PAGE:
John R. Thelin is an historian who seeks to combine past and present in the study of higher education. A professor at the University of Kentucky, he is a member of the Educational Policy Studies Department and holds a joint appointment in the Martin School of Public Policy.He has been named a University Research Professor, received the Provost’s Award for Outstanding Teaching, and the Sturgill Award for Outstanding Faculty contribution to Graduate Studies
An alumnus of Brown University, he concentrated in European History, graduated cum laude was elected to Phi Beta Kappa, worked as a student waiter and was a letterman on the varsity wrestling team.At the University of California, Berkeley he received an M.A. in American History, a Ph.D. in the History of Education, and was named a Regents Fellow.
Prior to joining the faculty at the University of Kentucky John was Chancellor Professor at the College of William & Mary in Virginia, where he received the Phi Beta Kappa Award for Outstanding Faculty Scholarship, served as Liaison to the Board of Visitors, and was President of the Faculty Assembly.He was Professor of Higher Education & Philanthropy at Indiana University.In addition to university teaching, John served as Research Director for the Association of Independent California Colleges & Universities and was Assistant Dean for Admissions and College Relations at Pomona College.
John’s affiliation with the Association for the Study of Higher Education started when he was a charter member at its founding in 1976.Over forty years it includes having served as President and as recipient of the Outstanding Research Award.He is author of numerous books and articles on history and higher education.He has received national awards for outstanding research from the American Educational Research Association, the National Education Association, and the Council for Advancement and Support of Education.In 2008 he received Omicron Delta Kappa’s Meritorious Service Award.
Bringing the topic of intercollegiate athletics into the serious study of higher education has been one of John’s longtime commitments.He was an expert witness on the economics of higher education at the Knight Commission’s inaugural hearings held in Washington, D.C. in 1989 and then again at their symposium in 2009.The President of the National Collegiate Athletic Association invited him to be a charter member of the NCAA Research Advisory Board in 2010.In 2006 he was selected for the Ivy League’s 50th anniversary gallery of outstanding scholar-athlete alumni.
Why did you decide to write this book?
I wanted to provide a guide for readers to join me in exploring the fascinating issues and institutions of American higher education.I find colleges and universities to be enduring and endearing. I like the creativity and challenge of critically analyzing the full complexity of American higher education to a diverse, large audience.The campus is a fascinating stage for a drama involving a cast of players, ranging from students to donors, faculty to presidents and provosts.In writing this book I wish to show that colleges can thrive if they receive thoughtful criticism as well as celebration, praise and, of course,major gifts and generous funding.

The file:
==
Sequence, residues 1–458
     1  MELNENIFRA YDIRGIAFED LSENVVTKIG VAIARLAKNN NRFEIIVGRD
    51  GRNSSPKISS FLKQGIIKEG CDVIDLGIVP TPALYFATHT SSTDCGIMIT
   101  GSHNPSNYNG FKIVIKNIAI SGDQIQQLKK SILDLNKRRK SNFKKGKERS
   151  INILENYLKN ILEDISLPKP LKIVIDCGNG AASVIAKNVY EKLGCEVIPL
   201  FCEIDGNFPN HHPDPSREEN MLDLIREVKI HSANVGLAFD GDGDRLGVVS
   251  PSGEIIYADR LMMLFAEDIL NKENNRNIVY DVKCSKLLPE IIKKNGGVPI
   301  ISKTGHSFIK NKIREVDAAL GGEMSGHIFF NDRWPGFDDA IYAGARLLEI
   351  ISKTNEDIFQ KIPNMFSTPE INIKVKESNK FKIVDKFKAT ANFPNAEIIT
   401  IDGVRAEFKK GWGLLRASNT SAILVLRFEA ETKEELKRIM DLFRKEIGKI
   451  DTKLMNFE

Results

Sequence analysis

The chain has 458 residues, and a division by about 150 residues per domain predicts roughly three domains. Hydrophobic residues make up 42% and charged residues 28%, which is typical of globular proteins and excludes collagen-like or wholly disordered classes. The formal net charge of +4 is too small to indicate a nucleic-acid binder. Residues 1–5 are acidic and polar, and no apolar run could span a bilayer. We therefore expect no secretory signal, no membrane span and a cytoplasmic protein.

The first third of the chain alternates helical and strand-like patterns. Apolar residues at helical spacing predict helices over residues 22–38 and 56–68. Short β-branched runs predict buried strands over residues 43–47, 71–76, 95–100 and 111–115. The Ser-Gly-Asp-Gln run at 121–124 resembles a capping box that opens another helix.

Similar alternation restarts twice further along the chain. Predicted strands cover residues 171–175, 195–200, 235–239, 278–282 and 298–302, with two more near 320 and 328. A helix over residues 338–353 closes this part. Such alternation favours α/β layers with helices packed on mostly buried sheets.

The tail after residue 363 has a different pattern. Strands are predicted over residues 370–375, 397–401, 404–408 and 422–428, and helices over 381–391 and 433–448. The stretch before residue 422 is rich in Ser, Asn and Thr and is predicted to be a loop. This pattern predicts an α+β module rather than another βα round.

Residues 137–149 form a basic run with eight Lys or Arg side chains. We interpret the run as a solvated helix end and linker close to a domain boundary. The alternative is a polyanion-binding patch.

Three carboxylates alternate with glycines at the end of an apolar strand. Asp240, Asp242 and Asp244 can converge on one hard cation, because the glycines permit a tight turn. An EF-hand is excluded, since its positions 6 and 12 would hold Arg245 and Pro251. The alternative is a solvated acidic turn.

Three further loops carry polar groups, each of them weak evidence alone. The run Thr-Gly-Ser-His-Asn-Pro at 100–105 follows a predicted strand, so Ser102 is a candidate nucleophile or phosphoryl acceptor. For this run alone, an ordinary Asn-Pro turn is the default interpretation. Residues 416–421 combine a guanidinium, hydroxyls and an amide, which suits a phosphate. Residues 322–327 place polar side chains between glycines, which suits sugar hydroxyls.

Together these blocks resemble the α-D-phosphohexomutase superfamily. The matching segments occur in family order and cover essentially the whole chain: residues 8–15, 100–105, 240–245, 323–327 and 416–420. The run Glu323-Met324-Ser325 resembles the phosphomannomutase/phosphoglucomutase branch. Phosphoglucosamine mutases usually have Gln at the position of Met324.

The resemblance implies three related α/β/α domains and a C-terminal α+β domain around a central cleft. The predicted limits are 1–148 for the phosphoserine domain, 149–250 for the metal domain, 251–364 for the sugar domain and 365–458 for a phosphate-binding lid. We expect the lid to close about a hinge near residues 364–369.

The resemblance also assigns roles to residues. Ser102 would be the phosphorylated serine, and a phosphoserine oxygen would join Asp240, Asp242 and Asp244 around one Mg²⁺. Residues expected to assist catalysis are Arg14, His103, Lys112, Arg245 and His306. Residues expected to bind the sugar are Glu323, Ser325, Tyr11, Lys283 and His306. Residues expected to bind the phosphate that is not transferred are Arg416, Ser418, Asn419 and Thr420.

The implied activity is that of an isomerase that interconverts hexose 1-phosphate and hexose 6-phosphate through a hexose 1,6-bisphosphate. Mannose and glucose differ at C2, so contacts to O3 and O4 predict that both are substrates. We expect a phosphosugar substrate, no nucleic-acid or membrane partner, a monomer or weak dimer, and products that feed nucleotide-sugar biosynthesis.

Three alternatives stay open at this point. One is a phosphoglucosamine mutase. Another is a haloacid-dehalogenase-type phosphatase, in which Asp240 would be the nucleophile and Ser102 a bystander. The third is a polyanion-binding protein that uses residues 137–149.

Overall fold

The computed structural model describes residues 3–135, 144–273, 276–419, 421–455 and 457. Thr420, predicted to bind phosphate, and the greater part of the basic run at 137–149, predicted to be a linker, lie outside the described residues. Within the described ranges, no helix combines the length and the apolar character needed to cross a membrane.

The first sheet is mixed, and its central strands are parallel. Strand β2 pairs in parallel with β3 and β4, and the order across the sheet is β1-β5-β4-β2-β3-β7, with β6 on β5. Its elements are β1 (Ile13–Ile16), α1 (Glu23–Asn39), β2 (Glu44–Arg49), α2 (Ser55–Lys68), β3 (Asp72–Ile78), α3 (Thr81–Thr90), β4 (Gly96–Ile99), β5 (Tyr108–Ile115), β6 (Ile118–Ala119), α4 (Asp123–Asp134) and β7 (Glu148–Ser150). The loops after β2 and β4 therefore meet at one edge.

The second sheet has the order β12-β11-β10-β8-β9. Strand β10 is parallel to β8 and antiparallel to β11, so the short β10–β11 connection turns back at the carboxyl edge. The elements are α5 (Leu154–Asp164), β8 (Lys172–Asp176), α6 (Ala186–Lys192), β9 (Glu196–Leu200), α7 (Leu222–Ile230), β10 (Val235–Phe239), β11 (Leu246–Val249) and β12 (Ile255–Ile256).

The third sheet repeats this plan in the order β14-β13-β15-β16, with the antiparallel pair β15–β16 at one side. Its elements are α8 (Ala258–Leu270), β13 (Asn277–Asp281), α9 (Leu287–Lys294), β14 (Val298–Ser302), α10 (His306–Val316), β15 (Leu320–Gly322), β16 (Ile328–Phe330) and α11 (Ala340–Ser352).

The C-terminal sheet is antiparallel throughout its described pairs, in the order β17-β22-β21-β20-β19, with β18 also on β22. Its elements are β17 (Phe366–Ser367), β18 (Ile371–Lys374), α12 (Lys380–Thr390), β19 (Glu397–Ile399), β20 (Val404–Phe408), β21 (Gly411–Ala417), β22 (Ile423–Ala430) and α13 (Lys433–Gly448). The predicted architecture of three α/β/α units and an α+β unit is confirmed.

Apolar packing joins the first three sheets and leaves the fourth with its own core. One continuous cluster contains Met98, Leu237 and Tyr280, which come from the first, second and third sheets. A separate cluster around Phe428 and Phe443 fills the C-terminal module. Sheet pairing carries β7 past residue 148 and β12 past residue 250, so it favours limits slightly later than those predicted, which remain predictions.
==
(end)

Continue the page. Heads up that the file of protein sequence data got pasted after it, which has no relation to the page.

Are there any common misconceptions about this topic that you would like to clarify for readers
Over the years I have been asked numerous times at receptions and gatherings, “Why can’t a college be run like a business?” In response I like to point out that colleges are among our oldest chartered corporations.In the United States, many businesses have borrowed models of organization and boards from colleges.Besides, businesses have a much higher failure rate than do colleges.Colleges and universities are deceptively resilient and innovative. So, I think it also is fair to ask, “Why can’t a business be run like a college?”
Discuss one important takeaway you’d like to highlight for readers
I hope my writing and teaching about higher education will break down misleading and erroneous stereotypes about barriers between crucial constituencies.I regret that discussions about colleges and universities often presume that administration must be at odds with faculty; or, that there is a split between academics and athletics that cannot be resolved.
Tell us a story about why you got into the field of Education
When I was a junior at Brown University in Fall 1967 a professor of European History announced to our class of about 60 students that for the first time in his career he was going to suspend his scheduled lecture and, instead, devote the class period to reading a student paper. As he started reading aloud I was pleasantly surprised that he had selected my essay about the waning of the Middle Ages and the early signs of a Renaissance, including some discussion of the distinctive legacy of universities. Afterward, I received both congratulations and critiques from fellow students and the professor.This was the moment when I felt I was welcomed into the academic community – and then dedicated myself to a genuine vocation or calling as work as a writer, scholar and teacher.Since then I’ve attempted to draw from rich historical works and sources as an essayist who writes about the story of higher education.